invasive insects are expected to kill 1.4 million trees across the United States over the next 30 years.

The main cul­prit in this dev­as­ta­tion is the emer­ald ash bor­er (Agrilus pla­nipen­nis), which is believed to be respon­si­ble for 90 per­cent of those 1.4 mil­lion dead trees. The bee­tle could wipe out ash trees in more than 6,000 urban areas, accord­ing to a new study.

The cost of replac­ing the trees and the asso­ci­at­ed dam­age could aver­age as much as $30 mil­lion a year. If more inva­sive species were allowed to take hold in the U.S., that fig­ure could quick­ly reach bil­lions of dol­lars before 2050.

“These results can hope­ful­ly pro­vide a warn­ing against plant­i­ng a sin­gle tree species in entire cities, as has been done with ash trees in North Amer­i­ca,” says com­pu­ta­tion­al ecol­o­gist Emma Hud­gins of McGill Uni­ver­si­ty in Canada.

The sober­ing esti­mates were made from data col­lect­ed in about 30,000 urban areas in the Unit­ed States. Tree pop­u­la­tion mod­els were then com­bined with pre­dic­tions of the spread of 57 dif­fer­ent inva­sive species.

Hotspots — includ­ing New York City, Chica­go and Mil­wau­kee — were iden­ti­fied in the report because of their high num­bers of ash trees and because they are in the recent or near­by path of the emer­ald ash bor­er. Accord­ing to the study, less than a quar­ter of U.S. com­mu­ni­ties will take 95% of the inva­sive species affect­ed by the trees.

Part of the prob­lem is the lack of vari­ety in terms of tree species in urban areas, as evi­denced by the con­cen­tra­tions of ash trees. More species means greater resilience to threats such as EAB.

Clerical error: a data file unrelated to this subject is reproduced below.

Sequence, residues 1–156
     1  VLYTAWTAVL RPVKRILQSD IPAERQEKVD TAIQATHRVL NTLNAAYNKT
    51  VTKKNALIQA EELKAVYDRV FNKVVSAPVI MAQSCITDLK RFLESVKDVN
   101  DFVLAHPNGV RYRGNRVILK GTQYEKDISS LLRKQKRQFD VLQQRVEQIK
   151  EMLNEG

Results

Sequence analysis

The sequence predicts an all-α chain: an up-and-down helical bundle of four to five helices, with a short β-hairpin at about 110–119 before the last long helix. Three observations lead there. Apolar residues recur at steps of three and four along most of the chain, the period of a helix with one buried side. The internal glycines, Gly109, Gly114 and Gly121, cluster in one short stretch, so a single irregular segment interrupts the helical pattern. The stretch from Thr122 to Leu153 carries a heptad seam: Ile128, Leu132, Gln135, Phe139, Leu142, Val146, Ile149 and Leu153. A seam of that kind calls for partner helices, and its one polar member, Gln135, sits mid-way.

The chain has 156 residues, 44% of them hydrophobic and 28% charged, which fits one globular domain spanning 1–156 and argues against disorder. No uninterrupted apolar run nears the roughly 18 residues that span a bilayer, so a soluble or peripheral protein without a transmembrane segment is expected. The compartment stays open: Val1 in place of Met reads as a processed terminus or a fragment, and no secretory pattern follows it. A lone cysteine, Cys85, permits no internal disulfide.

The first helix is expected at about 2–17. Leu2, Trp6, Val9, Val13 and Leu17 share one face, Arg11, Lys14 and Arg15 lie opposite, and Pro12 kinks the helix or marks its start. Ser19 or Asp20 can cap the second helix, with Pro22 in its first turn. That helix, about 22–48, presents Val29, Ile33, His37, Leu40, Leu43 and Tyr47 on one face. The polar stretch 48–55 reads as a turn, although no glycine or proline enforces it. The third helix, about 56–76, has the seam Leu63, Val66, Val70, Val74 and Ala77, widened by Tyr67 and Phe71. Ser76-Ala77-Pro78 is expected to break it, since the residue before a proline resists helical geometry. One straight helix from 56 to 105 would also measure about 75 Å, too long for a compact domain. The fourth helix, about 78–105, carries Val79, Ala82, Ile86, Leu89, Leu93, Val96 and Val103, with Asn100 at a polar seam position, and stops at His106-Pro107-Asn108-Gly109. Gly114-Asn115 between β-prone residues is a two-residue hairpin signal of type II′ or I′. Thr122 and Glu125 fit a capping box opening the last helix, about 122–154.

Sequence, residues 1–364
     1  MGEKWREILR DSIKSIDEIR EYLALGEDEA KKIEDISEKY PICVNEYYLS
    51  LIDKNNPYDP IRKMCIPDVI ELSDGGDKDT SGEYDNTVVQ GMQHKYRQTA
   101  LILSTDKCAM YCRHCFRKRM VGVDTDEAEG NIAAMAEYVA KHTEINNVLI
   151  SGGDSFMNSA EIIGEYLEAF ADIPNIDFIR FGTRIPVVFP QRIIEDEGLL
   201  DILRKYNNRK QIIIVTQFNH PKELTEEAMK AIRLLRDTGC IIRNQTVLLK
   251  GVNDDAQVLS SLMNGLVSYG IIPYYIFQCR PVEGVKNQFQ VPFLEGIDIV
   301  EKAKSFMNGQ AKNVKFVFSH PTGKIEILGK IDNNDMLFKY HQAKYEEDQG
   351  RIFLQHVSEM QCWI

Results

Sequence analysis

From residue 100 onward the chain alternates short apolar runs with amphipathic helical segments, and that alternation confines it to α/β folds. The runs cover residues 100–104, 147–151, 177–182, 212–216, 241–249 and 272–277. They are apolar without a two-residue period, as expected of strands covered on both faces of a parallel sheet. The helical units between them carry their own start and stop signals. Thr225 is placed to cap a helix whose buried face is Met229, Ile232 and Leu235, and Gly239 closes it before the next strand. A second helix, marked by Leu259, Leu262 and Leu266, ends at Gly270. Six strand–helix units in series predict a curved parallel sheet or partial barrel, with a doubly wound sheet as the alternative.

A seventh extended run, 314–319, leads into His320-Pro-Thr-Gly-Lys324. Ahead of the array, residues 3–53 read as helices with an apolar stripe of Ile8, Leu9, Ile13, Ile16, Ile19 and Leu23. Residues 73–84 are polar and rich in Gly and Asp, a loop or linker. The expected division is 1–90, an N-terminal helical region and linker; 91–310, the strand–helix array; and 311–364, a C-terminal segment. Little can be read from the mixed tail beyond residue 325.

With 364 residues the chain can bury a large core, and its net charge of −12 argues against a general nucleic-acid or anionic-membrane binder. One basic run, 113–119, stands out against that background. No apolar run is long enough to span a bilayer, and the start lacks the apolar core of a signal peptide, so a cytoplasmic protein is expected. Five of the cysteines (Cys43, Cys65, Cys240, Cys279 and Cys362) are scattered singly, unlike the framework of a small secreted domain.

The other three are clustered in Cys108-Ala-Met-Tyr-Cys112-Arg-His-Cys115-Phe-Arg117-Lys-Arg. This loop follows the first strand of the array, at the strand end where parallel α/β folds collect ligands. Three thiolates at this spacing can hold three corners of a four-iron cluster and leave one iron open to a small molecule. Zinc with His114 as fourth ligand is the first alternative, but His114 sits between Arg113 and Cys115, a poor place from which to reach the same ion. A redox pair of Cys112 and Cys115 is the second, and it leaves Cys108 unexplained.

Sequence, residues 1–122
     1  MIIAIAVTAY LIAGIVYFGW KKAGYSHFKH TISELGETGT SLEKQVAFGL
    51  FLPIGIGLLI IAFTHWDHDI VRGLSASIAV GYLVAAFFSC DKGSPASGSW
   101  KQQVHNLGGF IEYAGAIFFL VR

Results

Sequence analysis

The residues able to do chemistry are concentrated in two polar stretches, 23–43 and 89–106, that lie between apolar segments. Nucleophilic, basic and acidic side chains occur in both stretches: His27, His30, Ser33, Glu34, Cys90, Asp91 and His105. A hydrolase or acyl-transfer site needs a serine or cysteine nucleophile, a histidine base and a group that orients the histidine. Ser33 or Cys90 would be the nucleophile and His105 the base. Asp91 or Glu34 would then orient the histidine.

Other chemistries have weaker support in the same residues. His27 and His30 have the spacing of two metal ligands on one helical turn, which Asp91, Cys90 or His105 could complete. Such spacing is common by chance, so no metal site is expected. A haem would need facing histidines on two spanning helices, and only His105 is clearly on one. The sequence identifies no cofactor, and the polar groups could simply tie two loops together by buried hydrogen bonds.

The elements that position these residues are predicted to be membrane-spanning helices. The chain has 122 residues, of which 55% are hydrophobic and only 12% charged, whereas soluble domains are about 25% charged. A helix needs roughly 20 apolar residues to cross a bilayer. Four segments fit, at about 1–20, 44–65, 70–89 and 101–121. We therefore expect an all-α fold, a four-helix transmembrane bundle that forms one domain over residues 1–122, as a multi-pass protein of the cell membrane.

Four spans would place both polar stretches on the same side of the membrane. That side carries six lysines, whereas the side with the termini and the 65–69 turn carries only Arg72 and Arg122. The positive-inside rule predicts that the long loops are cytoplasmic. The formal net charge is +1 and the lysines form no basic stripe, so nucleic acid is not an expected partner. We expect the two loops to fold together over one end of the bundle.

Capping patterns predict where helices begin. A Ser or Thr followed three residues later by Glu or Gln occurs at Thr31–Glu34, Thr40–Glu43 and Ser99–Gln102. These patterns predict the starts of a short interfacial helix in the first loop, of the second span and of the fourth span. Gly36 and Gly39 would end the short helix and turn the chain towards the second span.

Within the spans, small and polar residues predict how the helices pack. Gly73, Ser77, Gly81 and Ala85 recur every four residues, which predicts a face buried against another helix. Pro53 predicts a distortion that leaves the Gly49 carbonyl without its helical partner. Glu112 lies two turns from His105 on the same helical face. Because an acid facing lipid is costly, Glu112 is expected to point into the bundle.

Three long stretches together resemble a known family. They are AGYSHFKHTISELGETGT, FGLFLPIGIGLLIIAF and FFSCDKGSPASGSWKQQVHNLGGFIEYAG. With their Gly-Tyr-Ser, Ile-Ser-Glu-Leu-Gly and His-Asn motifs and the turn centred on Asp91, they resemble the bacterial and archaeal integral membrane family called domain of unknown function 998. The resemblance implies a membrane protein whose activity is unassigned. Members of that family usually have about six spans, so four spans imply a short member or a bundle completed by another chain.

Emer­ald ash bor­er leaves behind a trail of windy destruc­tion.
Emer­ald ash bor­er leaves behind a trail of windy destruc­tion. (corfoto/E+/Getty Images)

“Many urban areas are dom­i­nat­ed by a sin­gle species or genus of tree, which means that a new­ly arrived insect for which these trees are a host can spread eas­i­ly,” says ecol­o­gist Frank Koch of the USDA For­est Ser­vice’s South­ern Research Station.

“In addi­tion to that, there are gen­er­al­ly few­er nat­ur­al preda­tors and warmer tem­per­a­tures com­pared to near­by nat­ur­al forests, which can pro­mote the devel­op­ment of inva­sive insects.”

The researchers also con­sid­ered the poten­tial effect of insect species that have not yet arrived in the Unit­ed States, includ­ing the cit­rus long­horned bee­tle (Anoplopho­ra chi­nen­sis), a crea­ture known to kill many types of hard­wood trees.

Despite the dire warn­ing, the team behind the study hopes it can help urban tree man­agers plan ahead and pre­vent the same type of cost­ly dam­age from hap­pen­ing in oth­er countries.

We know that urban trees are impor­tant for keep­ing cities fresh, boost­ing bio­di­ver­si­ty and even mak­ing peo­ple hap­pi­er. With that in mind, it’s vital that these pock­ets of nature in our cities are allowed to flour­ish and stay healthy.

“Giv­en that a num­ber of Euro­pean coun­tries are already fac­ing ash dieback, it is extreme­ly impor­tant to pre­vent the spread of EAB in Europe,” says Koch. “Hope­ful­ly, the lessons learned from North Amer­i­ca will be use­ful in Europe.”

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